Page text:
For patients with hypo- or hyperthyroidism, MTM providers should review the medication list for drugs that may be contributing to thyroid dysfunction.
MTM providers should be aware of and inquire about symptoms that may indicate under- or overtreatment of a thyroid condition. A thyroid function panel must confirm clinical suspicion.
MTM providers should assess for conditions (eg, interacting medications or nonadherence) that may alter dosage requirements of thyroid medications.
INTRODUCTION TO THYROID DISORDERS
The thyroid normally synthesizes 2 thyroid hormones, thyroxine (T4) and triiodothyronine (T3), after glandular stimulation by thyroid-stimulating hormone (TSH).1 Prior to this, thyrotropin-releasing hormone (TRH) produced by the hypothalamus stimulates the anterior pituitary to release TSH. This hypothalamic-pituitary-thyroid axis maintains thyroid hormone homeostasis through a negative feedback loop. That is, adequate thyroid hormone levels inhibit the release of TRH and TSH from the hypothalamus and pituitary, respectively (Figure 36-1).
Hypothalamic-Pituitary-Thyroid Hormone Axis
Source: Reproduced with permission from Greenspan FS: The thyroid gland. In: Greenspan FS, Gardner D. eds. Basic and Clinical Endocrinology. 6th ed. New York, NY: McGraw-Hill, 2001, p 217.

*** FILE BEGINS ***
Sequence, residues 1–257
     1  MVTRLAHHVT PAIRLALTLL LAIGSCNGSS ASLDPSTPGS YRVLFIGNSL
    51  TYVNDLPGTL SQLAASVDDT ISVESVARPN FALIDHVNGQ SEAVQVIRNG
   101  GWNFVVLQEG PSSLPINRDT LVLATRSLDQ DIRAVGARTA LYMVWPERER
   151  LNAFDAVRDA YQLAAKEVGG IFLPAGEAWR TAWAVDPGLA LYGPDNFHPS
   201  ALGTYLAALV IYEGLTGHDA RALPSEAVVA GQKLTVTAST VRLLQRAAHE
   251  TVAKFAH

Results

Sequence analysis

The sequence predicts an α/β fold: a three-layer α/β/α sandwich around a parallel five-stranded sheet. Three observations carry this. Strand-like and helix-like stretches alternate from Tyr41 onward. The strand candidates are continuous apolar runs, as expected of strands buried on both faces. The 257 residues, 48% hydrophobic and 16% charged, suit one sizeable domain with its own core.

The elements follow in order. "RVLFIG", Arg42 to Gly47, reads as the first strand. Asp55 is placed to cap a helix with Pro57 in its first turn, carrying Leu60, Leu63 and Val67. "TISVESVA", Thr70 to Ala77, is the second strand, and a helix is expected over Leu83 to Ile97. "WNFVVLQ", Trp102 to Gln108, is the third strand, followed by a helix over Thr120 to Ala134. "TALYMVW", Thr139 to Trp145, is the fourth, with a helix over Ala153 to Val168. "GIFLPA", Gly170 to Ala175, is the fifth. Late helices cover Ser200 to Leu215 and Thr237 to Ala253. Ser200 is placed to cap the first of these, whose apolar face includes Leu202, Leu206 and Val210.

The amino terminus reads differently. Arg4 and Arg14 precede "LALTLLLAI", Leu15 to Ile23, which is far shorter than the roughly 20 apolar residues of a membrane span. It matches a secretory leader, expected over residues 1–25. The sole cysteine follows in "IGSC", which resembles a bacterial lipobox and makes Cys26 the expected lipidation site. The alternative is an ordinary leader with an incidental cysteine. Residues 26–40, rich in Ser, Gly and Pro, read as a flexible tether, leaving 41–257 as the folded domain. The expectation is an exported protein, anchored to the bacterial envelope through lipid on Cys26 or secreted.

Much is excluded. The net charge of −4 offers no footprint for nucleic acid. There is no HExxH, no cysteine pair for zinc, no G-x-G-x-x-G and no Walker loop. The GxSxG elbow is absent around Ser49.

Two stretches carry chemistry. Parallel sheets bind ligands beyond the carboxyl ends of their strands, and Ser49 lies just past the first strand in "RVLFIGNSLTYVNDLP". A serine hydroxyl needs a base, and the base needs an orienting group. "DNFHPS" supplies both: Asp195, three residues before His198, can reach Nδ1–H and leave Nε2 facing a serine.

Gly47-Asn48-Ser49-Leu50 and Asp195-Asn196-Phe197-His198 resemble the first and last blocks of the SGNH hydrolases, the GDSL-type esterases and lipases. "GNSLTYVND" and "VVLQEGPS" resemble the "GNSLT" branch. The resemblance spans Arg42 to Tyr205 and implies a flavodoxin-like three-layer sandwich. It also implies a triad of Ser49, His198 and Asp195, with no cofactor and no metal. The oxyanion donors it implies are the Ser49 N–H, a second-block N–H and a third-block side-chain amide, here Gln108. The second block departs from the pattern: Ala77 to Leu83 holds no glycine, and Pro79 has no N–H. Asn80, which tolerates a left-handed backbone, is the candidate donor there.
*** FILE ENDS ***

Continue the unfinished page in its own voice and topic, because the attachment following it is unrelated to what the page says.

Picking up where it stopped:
In both the hypothalamus and pituitary, 3,5',3-triiodothyronine (T3) is primarily responsible for inhibition of thyrotropin-releasing hormone (TRH) and thyroid-stimulating hormone (TSH) secretion. T4 = thyroxine.
Thyroid hormones regulate metabolism and affect essentially every organ system in the human body. T4 is produced in greater amounts than T3, but T4 exhibits less biological activity. Production of T3 occurs primarily through peripheral conversion of T4 by deiodinase enzymes (80%), with approximately 20% of T3 produced directly by the thyroid gland.1
Hyperthyroidism is a condition in which there is inappropriate synthesis and secretion of thyroid hormone (either T3, T4, or both) from the thyroid gland2,3. Thyroid hormone excess results either from overproduction (eg, Graves disease, toxic multinodular goiter, toxic adenoma) or, infrequently, thyroid inflammation (eg, thyroiditis). Graves disease, an autoimmune disorder, accounts for 60% to 80% of cases of hyperthyroidism.
Other Terms Associated with Hyperthyroidism
Thyrotoxicosis—a clinical state marked by inappropriately high thyroid hormone action in the peripheral tissues
Thyroid storm—a sudden and life-threatening condition with an increase in thyrotoxicosis signs and symptoms, including fever greater than 102°F, tachycardia, tachypnea, nausea, vomiting, diarrhea, abdominal pain, and psychosis
Usually precipitated by trauma, surgery, or infection
Arrhythmias, heart failure, ischemic heart disease, or coma may develop
Requires prompt treatment and hospitalization
Hypothyroidism indicates a failure of the thyroid gland to produce or secrete adequate thyroid hormone to match the ...